In this paper, we present a randomized algorithm for a mobile agent to search for an item t stored at a node of a network, without prior knowledge of its exact location. Each node of the network has a database that will answer queries of the form "how do I get to t?" by responding with the first edge on a shortest path to t. It may happen that some nodes, called liars, give bad advice. We investigate a simple memoryless algorithm which follows the advice with some fixed probability q > 1/2 and otherwise chooses a random edge. If the degree of each node and number of liars k are bounded, we show that the expected number of edges to follow in order to reach t is bounded from above by O(d + rk), where d is the distance between the initial and target node and r = q/1-q. We also show that this expected number of steps can be significantly improved for particular topologies such as the complete graph, the torus, and the spider graph.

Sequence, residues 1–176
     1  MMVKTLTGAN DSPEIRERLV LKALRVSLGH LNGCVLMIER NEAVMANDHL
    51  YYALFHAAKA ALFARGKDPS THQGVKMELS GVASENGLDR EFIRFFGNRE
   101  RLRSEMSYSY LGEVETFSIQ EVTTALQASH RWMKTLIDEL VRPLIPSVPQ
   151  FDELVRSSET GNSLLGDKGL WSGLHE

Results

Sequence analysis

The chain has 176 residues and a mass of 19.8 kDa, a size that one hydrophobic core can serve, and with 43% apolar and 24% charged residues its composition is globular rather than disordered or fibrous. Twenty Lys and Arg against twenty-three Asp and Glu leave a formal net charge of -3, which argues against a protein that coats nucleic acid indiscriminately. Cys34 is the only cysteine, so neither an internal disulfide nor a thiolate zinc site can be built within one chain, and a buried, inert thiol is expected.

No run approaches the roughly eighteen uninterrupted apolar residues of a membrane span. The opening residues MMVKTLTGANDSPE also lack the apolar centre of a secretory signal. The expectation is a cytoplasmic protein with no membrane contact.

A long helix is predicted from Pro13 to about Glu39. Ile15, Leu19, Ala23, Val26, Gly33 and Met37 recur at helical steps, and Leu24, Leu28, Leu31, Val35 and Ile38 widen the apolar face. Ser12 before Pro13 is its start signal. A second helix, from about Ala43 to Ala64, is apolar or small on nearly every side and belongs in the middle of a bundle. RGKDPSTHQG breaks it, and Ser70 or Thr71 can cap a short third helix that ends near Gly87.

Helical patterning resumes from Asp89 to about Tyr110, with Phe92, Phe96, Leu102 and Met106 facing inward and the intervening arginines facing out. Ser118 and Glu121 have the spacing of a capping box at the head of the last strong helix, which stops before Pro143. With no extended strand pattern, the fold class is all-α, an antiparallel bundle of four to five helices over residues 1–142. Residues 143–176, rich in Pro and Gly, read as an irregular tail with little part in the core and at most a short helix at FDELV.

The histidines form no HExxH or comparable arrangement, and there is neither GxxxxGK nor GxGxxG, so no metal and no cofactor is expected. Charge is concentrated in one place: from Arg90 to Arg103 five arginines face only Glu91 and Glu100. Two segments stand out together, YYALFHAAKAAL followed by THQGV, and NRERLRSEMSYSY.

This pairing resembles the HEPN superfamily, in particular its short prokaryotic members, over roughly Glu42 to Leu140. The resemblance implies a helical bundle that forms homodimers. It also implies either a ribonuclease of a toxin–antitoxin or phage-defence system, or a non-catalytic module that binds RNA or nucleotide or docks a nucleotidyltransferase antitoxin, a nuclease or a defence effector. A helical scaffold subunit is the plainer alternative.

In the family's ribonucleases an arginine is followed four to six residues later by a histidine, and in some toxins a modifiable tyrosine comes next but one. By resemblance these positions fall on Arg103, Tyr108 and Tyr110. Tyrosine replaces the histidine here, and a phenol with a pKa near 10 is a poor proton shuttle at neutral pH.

Data structure and algorithms, Distributed computing, Faulty networks, Graph, Random walks, Randomized algorithms
School of Computer Science

Hanusse, N. (Nicolas), Kavvadias, D. (Dimitris), Kranakis, E, & Krizanc, D. (Danny). (2002). Memoryless search algorithms in a network with faulty advice.